If you aren't actually trying to synchronize in real-time (i.e. you are never at home and at work at the same time), this might be a workable workaround. It would take a little conscious effort to not mess it up, but might be usable in a controlled process.
Now *that's* an interesting thought, and something I might look into. I'm not sure that I actually 'need' a file based solution, but it would be very convenient, and provide platform independence which in turn provides comfort :)
ATM, I use Bear at home (gradually moving from Evernote), Dropbox as the solution to a very different set of issues/problems, and Google Drive at work. Each offers part of what I'd consider an overall solution. Realistically, if I put effort into upgrading the Wiki I use (in Dropbox) that could probably do a lot of what I find attractive in Bear, but it's a fair amount of work and not that high on my priority list.
I really do understand Shiney Frog prioritising things, and I'm very glad that they do. I also get the fact that my priorities being different from theirs isn't all that important and I don't have a problem with that.
I was using OneNote until I just started with Bear a few days ago. OneNote was the "best of the worst" as it did certain better than most other solutions and did some things that none of the others did.
However, as a Mac user (can only use via OneDrive, no local storage option) there were three nagging issues that were really disturbing me:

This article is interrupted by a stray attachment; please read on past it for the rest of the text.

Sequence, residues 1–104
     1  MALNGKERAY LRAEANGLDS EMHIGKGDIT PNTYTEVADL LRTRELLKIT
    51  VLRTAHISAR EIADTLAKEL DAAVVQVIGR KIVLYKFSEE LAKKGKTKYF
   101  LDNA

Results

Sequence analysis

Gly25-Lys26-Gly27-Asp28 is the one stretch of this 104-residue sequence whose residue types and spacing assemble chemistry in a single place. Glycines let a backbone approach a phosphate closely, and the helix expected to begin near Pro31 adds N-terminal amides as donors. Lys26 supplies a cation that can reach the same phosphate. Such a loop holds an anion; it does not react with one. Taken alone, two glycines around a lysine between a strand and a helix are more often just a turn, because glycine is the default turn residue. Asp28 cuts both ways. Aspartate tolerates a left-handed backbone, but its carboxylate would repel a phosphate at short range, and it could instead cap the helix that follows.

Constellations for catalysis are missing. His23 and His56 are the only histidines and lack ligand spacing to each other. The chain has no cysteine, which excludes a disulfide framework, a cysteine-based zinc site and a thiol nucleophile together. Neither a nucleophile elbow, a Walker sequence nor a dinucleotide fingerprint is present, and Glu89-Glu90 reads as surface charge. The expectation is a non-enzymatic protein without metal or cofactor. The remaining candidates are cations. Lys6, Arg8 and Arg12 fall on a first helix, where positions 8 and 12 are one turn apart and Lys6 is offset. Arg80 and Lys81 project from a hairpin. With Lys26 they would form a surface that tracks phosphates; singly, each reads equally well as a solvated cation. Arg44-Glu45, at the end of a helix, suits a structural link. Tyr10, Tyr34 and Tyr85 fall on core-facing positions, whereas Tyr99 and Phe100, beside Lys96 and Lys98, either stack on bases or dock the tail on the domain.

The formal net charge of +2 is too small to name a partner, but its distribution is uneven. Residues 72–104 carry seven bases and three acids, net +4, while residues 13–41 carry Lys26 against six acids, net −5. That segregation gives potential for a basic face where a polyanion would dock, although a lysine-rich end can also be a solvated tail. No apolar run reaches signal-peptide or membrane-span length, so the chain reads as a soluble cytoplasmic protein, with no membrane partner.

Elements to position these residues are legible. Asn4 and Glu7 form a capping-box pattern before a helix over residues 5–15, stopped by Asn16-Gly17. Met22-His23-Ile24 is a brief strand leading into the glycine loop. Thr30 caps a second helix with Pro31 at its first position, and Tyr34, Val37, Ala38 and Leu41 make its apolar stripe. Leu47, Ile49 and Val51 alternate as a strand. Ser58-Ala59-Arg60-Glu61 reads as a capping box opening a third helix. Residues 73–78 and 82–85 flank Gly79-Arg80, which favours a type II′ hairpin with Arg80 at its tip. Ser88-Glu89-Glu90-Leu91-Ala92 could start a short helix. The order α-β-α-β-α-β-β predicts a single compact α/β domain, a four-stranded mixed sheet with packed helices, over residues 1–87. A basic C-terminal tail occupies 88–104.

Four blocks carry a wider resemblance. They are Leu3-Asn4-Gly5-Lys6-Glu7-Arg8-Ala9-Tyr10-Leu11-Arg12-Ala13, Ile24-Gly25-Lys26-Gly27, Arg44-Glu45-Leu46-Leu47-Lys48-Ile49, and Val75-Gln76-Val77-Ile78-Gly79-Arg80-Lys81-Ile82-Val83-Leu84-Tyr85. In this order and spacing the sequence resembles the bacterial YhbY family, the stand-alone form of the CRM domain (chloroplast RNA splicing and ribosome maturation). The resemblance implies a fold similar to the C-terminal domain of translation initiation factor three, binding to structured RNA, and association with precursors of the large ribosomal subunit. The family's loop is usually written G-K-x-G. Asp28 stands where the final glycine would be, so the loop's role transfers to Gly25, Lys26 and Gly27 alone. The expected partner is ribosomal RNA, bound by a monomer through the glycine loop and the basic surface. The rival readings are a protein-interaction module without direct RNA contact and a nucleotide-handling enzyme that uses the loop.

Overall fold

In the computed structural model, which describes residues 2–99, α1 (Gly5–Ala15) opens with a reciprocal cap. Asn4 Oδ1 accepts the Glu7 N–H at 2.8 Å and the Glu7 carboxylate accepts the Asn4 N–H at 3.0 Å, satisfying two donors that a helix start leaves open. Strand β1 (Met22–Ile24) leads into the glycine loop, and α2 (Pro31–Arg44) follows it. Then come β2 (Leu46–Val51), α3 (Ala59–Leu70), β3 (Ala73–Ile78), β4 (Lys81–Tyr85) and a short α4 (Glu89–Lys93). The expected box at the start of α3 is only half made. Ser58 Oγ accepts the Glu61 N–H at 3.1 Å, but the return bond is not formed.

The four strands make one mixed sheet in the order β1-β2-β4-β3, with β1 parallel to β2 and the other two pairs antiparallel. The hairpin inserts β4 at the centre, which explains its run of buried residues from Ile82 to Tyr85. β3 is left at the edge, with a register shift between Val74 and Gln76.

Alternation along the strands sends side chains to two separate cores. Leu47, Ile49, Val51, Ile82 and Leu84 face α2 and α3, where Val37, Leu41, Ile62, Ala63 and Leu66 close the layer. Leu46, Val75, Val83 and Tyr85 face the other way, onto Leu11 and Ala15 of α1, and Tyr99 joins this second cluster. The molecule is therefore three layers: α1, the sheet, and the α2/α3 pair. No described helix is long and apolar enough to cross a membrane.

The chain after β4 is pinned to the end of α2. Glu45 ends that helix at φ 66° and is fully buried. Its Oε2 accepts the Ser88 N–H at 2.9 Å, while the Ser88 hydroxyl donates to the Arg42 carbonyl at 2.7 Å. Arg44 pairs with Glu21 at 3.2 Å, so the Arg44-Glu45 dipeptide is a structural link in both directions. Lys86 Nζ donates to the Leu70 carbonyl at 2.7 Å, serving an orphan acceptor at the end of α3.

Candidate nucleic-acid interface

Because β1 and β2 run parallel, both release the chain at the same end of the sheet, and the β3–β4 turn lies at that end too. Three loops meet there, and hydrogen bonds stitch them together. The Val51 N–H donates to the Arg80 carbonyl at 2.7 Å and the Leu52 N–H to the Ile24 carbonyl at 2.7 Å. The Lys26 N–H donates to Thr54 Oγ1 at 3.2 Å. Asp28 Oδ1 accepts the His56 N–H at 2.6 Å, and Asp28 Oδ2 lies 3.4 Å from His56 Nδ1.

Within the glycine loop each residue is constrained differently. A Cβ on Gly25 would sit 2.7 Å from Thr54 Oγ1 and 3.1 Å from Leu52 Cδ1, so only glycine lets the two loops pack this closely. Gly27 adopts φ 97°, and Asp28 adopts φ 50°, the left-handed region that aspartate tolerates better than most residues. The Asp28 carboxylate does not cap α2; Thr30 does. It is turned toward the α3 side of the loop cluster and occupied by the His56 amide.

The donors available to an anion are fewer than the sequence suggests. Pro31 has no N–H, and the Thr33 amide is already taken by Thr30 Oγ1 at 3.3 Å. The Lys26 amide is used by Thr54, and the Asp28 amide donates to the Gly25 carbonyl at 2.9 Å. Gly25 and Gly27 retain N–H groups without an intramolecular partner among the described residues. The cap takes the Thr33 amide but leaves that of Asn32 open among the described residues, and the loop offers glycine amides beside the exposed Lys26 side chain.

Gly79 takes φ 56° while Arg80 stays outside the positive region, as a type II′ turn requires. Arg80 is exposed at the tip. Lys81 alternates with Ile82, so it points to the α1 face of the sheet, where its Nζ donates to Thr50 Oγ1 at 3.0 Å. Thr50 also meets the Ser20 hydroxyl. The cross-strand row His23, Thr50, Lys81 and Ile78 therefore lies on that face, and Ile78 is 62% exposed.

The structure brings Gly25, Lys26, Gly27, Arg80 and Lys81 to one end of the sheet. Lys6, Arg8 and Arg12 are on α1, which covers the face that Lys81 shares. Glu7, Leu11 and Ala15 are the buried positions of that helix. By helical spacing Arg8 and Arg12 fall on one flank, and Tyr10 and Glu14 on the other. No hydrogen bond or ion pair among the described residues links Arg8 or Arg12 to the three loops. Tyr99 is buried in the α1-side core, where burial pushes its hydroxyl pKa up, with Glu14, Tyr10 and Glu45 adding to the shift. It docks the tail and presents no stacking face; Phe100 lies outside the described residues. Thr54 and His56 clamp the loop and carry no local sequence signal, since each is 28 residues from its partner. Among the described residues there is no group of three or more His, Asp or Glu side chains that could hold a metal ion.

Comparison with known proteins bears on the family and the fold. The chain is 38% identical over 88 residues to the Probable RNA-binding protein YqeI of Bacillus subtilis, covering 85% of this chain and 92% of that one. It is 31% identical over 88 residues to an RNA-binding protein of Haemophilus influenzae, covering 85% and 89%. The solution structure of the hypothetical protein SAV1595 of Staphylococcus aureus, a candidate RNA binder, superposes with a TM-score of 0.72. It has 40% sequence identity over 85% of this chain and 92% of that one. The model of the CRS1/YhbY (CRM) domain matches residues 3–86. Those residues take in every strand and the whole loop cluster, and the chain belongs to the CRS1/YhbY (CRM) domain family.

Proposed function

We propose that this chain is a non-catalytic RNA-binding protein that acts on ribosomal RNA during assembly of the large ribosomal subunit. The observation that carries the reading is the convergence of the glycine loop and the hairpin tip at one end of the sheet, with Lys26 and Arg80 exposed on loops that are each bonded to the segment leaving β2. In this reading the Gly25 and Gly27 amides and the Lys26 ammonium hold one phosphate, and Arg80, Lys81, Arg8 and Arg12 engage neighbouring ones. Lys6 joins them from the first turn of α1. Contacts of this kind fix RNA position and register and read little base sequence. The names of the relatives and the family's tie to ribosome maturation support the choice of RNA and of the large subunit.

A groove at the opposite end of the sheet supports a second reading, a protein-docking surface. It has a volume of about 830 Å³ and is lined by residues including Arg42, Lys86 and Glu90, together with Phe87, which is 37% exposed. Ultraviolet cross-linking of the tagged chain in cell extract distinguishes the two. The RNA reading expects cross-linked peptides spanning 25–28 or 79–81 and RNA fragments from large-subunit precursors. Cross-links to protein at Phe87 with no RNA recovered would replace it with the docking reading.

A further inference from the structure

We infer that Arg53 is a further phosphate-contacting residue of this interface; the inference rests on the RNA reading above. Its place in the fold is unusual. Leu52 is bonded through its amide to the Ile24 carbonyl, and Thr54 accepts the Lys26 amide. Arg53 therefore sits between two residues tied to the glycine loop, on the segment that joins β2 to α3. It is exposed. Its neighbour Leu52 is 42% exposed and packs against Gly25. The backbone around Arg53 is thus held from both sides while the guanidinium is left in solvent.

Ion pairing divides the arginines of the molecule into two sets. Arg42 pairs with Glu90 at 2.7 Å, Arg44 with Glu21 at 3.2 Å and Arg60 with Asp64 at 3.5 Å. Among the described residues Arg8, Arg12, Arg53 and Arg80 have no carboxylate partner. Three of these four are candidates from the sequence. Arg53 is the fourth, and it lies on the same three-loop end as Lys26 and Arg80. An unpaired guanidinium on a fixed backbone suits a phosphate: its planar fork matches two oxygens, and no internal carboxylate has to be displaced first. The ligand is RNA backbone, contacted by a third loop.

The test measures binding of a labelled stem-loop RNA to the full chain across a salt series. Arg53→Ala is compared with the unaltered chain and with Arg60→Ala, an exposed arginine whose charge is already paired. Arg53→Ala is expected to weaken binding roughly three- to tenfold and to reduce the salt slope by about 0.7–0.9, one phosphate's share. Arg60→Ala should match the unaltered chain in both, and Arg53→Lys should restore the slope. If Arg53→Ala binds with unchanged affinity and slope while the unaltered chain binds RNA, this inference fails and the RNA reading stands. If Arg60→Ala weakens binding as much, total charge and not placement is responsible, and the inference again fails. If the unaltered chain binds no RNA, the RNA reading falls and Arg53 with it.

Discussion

First - OneNote uses some back-end magic & tricks to hide the actual database files such that the only visible files are actually special URL shortcuts. There is no simple way to copy OneNote for Mac database locally to your Mac.
Second - OneNote has a proprietary backup solution but it only works from a PC. After two years of waiting, there is still no way to backup the entire database easily. This is completely unacceptable. I cannot rely on Onedrive internal backup mechanism.
Third - OneNote is a proprietary data structure and although it can import from a few different formats, there is no easy way to output. PDF generation is on a single notebook page "file" and there is no batch mechanism. So basically, OneNote is a data Roach Motel -- your data gets in, but almost never can get out.
I looked at the updated Apple Notes, Evernote, and other solutions - but nothing was vastly superior, addressed the above concerns, or seemed stable enough to undertake a conversion.
(The primary feature I need is mixed text and graphics - not a fully anything-anywhere layout like OneNote, but the ability to annotate screen shots or other images. Apple Notes can do that, but has many other limitations.)
Bear is the first product that finally meets my needs. The absolutely crucial ability to "round-trip" data is amazing. The choice of text, markdown, html, or pdf formats means all the hours I am putting into manually getting my data into Bear will never lock me in. (I am making periodic exports and backups and for the first time feel my data is safer than it has ever been.)
For me, living with iCloud instead of Dropbox is a non-issue, I understand others have constraints, but just wanted to share why I think Bear is a bit revolutionary and not just evolutionary.